Adding sugar or syrup to your process
To overcome these challenges, some breweries add sugar or syrup to their extract bills. In doing this, you might address the beer quality and capacity issues. But you are working at higher temperatures and consuming more energy, which increases your cost base. This also does not address your raw material volatility, and can result in both a high cost to operate and an increased environmental footprint.
In addition, you add more cost due to needing more sugar in your process; this could expose you to taxes on sugar or syrup, which are becoming more common.
Malt also has regional limitations
Other players are adapting by adding malt. By using malt, you may improve beer quality, and you don’t change your process. In addition, you keep using same amount of energy, while potentially addressing capacity. But you are adding to your cost and exposing yourself to import taxes. Not to mention, your environmental footprint will increase.
At the core of these difficult scenarios is the real issue: You’ve been looking at this as an incremental improvement problem instead of a changing brewing philosophy.
Getting the most from your raw materials
So, what if you could reach your beer quality requirements all the time — and in a short period of time — by extracting more fermentable sugars from your raw materials? At the same time, what if you could change your process to reduce the temperature and energy consumption?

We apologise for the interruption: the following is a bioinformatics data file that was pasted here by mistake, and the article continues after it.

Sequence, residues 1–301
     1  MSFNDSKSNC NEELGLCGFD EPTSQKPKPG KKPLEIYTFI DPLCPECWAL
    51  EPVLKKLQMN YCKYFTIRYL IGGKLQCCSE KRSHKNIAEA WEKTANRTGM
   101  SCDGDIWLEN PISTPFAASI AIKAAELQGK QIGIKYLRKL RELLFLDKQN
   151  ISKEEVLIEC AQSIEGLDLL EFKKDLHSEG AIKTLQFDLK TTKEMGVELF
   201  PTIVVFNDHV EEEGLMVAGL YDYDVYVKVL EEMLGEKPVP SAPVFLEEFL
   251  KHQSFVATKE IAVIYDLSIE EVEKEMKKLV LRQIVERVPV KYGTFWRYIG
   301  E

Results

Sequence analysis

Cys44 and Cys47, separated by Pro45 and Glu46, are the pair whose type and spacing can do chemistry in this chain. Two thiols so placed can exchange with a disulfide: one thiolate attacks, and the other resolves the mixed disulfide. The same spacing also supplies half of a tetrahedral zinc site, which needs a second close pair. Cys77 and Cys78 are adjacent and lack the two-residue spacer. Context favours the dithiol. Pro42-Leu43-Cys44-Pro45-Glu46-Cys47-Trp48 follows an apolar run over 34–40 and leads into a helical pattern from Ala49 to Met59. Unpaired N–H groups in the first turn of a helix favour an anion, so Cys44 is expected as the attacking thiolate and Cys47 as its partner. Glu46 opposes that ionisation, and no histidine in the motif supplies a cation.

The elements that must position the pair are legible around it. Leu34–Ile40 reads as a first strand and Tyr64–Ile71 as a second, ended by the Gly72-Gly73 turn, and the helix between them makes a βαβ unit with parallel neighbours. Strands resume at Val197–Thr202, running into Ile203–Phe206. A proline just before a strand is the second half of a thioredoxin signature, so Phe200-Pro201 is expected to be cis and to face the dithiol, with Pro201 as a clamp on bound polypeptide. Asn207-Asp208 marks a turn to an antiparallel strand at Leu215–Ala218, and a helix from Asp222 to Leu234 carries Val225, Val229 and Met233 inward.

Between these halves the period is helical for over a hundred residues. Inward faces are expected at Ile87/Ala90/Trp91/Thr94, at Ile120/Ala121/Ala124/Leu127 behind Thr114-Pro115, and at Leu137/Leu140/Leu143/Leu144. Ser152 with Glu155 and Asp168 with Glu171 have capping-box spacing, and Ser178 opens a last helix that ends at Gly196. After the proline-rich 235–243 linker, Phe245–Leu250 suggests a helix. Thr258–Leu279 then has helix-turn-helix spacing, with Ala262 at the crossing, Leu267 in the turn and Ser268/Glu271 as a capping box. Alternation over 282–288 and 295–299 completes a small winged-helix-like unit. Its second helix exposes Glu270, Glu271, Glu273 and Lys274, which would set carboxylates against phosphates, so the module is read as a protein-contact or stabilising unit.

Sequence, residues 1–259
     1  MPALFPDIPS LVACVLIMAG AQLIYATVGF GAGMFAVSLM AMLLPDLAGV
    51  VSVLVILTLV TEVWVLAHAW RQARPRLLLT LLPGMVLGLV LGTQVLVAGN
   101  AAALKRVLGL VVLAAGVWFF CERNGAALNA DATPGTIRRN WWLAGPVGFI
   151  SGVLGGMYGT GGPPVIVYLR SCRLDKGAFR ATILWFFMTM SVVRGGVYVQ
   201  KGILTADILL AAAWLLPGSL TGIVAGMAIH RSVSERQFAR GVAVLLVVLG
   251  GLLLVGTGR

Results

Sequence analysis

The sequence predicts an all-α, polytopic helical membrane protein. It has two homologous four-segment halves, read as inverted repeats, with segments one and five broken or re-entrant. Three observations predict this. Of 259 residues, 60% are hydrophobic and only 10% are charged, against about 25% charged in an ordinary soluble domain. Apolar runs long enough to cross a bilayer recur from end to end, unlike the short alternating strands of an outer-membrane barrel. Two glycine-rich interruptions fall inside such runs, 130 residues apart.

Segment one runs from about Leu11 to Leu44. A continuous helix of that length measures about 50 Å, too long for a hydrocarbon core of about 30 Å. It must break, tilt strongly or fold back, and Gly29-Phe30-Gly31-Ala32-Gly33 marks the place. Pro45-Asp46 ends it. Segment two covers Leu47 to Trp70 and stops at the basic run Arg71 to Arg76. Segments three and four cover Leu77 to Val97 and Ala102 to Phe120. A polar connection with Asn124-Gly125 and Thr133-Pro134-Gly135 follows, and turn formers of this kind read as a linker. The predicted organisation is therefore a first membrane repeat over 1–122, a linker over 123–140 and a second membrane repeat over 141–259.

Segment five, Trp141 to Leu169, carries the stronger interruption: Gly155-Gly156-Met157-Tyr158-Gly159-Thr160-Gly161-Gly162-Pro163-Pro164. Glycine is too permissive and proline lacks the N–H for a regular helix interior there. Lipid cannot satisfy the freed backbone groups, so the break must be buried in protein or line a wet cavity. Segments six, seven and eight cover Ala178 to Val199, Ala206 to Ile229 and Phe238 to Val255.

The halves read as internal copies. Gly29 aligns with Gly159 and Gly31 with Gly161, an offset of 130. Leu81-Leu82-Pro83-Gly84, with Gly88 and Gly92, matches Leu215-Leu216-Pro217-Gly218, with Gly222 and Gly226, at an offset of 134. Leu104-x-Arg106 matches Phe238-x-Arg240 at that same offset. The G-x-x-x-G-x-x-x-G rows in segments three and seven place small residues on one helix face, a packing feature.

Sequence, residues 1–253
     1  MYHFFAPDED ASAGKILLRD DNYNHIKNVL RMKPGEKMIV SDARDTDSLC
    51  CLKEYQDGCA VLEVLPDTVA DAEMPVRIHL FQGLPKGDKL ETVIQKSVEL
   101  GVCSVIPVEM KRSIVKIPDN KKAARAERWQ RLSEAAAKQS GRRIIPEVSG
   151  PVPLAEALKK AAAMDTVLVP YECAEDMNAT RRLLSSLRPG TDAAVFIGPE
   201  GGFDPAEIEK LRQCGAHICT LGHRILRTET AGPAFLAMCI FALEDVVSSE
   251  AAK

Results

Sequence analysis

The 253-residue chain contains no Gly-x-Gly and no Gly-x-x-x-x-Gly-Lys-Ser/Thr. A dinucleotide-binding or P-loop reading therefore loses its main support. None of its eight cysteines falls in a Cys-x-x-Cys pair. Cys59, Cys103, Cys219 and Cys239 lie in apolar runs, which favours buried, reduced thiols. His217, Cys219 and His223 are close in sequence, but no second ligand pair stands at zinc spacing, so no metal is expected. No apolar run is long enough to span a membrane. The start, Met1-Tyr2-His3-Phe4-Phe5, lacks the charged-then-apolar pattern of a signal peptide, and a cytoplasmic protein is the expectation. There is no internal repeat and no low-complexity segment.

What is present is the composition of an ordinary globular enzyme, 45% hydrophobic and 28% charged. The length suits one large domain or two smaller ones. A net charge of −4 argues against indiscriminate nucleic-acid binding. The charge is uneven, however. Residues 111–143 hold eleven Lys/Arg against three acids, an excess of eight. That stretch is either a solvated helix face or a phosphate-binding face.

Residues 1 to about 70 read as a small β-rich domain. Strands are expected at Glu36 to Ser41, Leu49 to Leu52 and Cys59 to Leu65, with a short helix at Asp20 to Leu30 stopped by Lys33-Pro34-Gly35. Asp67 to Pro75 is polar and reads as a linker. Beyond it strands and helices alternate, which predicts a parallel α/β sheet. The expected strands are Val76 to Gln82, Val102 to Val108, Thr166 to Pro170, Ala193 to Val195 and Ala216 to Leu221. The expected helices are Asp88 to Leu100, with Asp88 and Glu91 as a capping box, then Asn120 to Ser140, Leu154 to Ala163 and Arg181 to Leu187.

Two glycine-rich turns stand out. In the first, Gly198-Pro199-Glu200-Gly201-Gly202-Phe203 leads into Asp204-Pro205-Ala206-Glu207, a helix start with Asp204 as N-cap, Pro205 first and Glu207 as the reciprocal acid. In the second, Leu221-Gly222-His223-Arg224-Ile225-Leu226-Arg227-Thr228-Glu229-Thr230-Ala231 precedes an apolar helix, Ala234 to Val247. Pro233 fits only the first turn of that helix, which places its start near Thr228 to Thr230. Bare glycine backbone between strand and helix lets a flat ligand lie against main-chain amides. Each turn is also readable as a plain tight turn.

With more fermentable sugars, you could remove many of the challenges associated with adjuncts. And, with a lower-temperature process and no need to cook, you could address your capacity situation and the risks posed by the variability from raw materials. All while improving your cost base and your environmental footprint.
Your partner for improved profitability
Through the use of enzymatic technology, you can improve your beer quality by extracting the highest amount of fermentable sugar possible from your raw materials – going well above the standard 75%, and in a short process time.
This would enable you to serve the local consumers what they really want: a beer that speaks to their traditions and heritage. And, you’d be helping local communities by supporting the farmers and suppliers of local crops.
Making a beer that's truly sustainable
To make a truly sustainable beer, beer brands must consider the full life cycle of their products. Many opportunities exist to create a beer that satisfies the tastes of consumers and is gentler on the environment. Some of those opportunities like packaging and agriculture lie outside the brewery walls.
But others can be found by using innovative techniques in the brewery itself - especially by optimizing raw materials with enzymes. Smart, new-age beer brands can make changes that not only elevate their brand but also add up to a dramatic impact on the planet.